Ntuli v Donald: CA 16 Nov 2010

The defendant sought the discharge of a super-injunction, an order against not only the identification of the parties, but also the existence of the proceedings.
Held: The order preventing publication of the underlying allegations remained, but the order was lifted to remove the limitation on identification of the parties, and the existence of the proceedings. The defendant had proposed to make public details of her relationship with the claimant member of a boy band.
Maurice Kay LJ said that when deciding whether, and if so to what extent, to impose reporting restrictions in relation to legal proceedings, ‘as part of its consideration of all the circumstances of a case, a court will have regard to the respective and sometimes competing Convention rights of the parties.’ He went on to say: ‘This is an essentially case-sensitive subject. Plainly [the claimant] is entitled to expect that the court will adopt procedures which ensure that any ultimate vindication of his Article 8 case is not undermined by the way in which the court has processed the interim applications and the trial itself. On the other hand, the principle of open justice requires that any restrictions are the least that can be imposed consistent with the protection to which [the claimant] is entitled.’


Neuberger MR, Maurice Kay VP, Seldley LLJ


[2010] EWCA Civ 1276, [2011] 1 WLR 294, [2011] CP Rep 13, [2011] EMLR 10




England and Wales


CitedCampbell v Mirror Group Newspapers Ltd (MGN) (No 1) HL 6-May-2004
The claimant appealed against the denial of her claim that the defendant had infringed her right to respect for her private life. She was a model who had proclaimed publicly that she did not take drugs, but the defendant had published a story . .
CitedIn re S (a Child) (Identification: Restrictions on Publication) HL 28-Oct-2004
Inherent High Court power may restrain Publicity
The claimant child’s mother was to be tried for the murder of his brother by poisoning with salt. It was feared that the publicity which would normally attend a trial, would be damaging to S, and an application was made for reporting restrictions to . .

Cited by:

CitedJIH v News Group Newspapers Ltd CA 31-Jan-2011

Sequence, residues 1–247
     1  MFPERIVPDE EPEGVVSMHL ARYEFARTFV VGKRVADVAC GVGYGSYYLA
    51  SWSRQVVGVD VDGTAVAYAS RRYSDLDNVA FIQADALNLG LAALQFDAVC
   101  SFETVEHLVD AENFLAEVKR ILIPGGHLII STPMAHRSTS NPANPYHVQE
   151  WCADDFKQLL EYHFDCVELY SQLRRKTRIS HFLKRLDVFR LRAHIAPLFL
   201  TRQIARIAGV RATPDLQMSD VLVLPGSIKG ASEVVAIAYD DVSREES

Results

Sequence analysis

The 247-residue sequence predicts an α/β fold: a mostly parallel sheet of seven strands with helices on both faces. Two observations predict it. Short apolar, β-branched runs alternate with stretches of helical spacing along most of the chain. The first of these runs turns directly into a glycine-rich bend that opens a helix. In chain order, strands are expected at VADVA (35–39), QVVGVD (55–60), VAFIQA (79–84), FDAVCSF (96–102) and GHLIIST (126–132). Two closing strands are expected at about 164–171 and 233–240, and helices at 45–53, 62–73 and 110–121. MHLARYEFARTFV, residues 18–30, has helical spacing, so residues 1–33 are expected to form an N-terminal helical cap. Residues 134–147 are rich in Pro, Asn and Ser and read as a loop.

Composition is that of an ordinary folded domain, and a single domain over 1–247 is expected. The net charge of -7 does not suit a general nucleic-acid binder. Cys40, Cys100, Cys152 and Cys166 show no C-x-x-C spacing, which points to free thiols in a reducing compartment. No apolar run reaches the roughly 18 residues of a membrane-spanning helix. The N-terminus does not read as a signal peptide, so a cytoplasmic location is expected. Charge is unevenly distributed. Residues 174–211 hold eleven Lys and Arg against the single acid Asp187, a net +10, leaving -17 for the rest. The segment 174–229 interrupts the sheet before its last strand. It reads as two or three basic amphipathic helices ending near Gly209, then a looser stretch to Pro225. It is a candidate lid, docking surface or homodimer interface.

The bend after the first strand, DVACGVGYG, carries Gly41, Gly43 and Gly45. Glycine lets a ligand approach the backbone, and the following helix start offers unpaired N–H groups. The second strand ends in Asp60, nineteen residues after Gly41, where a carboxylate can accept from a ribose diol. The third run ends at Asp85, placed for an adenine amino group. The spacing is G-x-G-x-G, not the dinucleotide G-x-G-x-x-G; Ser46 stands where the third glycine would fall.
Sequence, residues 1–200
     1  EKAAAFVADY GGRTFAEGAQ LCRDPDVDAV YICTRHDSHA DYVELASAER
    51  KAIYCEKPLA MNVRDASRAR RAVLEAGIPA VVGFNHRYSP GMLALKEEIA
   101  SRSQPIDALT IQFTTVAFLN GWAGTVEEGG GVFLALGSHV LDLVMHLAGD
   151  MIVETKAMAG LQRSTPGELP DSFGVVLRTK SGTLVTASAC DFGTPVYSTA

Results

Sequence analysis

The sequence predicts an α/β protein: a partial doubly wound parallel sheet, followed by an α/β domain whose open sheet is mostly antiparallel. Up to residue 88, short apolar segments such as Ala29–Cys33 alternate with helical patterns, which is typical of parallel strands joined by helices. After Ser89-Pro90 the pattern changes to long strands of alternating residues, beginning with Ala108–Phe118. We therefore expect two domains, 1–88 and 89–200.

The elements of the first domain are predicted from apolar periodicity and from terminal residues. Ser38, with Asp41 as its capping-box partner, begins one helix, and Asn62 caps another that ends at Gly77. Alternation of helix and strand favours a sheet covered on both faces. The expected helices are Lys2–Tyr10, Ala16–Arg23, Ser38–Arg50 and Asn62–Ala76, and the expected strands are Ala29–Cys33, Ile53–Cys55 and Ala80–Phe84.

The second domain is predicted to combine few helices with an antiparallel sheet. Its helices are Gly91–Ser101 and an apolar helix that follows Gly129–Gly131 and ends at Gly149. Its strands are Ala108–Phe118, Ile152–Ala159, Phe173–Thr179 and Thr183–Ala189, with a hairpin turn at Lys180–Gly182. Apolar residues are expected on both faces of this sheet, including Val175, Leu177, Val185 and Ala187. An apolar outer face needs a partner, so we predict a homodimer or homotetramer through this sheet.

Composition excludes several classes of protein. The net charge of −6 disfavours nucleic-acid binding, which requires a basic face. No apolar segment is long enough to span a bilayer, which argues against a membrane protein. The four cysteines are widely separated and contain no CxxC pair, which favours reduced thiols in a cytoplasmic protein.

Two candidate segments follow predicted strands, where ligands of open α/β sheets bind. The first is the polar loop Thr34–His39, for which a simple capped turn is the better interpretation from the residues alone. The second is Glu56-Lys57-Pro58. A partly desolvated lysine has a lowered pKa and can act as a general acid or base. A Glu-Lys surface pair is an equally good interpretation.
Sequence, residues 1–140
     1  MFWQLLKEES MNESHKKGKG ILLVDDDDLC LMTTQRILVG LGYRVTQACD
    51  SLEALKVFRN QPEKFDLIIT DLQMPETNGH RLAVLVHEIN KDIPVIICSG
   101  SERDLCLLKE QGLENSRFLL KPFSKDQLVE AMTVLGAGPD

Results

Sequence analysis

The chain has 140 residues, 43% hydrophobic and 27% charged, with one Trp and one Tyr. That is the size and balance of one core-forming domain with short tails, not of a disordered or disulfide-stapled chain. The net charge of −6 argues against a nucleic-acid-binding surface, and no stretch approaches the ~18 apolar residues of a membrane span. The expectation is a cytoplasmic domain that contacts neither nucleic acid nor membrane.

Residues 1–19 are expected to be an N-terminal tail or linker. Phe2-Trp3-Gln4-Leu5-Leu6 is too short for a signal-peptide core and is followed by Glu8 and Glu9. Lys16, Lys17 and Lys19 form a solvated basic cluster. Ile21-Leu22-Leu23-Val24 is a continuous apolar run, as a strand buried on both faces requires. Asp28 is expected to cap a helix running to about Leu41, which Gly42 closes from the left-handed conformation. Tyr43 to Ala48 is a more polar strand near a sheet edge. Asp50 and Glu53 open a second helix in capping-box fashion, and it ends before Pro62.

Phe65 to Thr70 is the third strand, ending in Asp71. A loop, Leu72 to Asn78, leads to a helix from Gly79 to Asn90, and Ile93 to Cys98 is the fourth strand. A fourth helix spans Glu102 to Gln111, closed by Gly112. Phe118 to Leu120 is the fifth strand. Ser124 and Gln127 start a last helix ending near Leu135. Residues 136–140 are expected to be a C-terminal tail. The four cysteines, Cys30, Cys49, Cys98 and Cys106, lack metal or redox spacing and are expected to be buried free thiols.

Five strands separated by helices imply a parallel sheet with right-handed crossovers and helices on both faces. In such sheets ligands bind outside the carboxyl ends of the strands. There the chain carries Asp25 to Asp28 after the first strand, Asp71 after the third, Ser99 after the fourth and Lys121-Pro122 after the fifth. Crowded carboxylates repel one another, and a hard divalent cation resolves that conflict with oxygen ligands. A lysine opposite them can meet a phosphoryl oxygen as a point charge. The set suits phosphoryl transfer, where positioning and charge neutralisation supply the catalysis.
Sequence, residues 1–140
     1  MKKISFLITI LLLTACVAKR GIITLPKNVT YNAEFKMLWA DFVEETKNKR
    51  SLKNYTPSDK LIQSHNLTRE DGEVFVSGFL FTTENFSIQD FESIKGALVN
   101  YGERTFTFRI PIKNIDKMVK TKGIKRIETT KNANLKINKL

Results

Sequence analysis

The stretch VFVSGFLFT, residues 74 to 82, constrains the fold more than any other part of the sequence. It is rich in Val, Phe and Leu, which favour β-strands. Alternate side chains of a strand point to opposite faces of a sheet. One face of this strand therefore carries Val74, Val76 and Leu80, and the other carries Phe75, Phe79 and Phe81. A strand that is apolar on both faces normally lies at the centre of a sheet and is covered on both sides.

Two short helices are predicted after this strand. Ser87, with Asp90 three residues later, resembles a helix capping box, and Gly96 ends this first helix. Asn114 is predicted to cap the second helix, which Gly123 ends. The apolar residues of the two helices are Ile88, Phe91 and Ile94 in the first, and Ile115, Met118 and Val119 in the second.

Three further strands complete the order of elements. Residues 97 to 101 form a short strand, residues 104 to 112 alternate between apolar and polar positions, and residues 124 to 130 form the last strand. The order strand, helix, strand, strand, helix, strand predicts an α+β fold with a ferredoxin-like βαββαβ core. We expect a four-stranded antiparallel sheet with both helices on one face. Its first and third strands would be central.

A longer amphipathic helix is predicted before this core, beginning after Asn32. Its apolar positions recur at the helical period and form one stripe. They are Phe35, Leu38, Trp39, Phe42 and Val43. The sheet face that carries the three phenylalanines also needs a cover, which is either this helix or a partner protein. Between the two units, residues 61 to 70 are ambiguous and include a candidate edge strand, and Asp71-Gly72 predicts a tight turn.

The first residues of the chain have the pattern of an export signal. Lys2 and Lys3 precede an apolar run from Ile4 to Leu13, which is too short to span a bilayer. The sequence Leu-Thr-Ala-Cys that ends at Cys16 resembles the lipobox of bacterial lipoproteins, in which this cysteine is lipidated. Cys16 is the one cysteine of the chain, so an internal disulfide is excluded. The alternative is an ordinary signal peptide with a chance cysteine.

Principles on Request for Anonymity Order
The defendant appealed against an order granting the anonymisation of the proceeedings.
Held: The critical question is whether there is sufficient general public interest in publishing a report of proceedings which identifies a party by name, . .
CitedGoldsmith and Another v BCD QBD 22-Mar-2011
The claimants sought damages, alleging that the defendants had hacked into their e-mail accounts. The defendant now sought protection of her identity through anonymisation of the case.
Held: Granted. . .
CitedCTB v News Group Newspapers Ltd and Another (1) QBD 16-May-2011
A leading footballer had obtained an injunction restraining the defendants from publishing his identity and allegations of sexual misconduct. The claimant said that she had demanded money not to go public.
Held: It had not been suggested that . .
CitedGoodwin v NGN Ltd and VBN QBD 9-Jun-2011
The claimant had obtained an injunction preventing publication of his name and that of his coworker with whom he had had an affair. After widespread publication of his name elsewhere, the defendant had secured the discharge of the order as regards . .
CitedMcClaren v News Group Newspapers Ltd QBD 5-Sep-2012
The claimant had obtained an interim injunction to restrain the defendant publishing what he said was private information about a sexual encounter. He also sought an injunction under the 1997 Act.
Held: The claim succeeded: ‘there have been . .
CitedNNN v Ryan and Others QBD 20-Mar-2013
The Court gave its reasons for requiring the delivery up of materials said to be confidential and making an order for anonymity, finding that the claimant had been blackmailed. . .
Lists of cited by and citing cases may be incomplete.

Litigation Practice, Media

Updated: 26 August 2022; Ref: scu.425955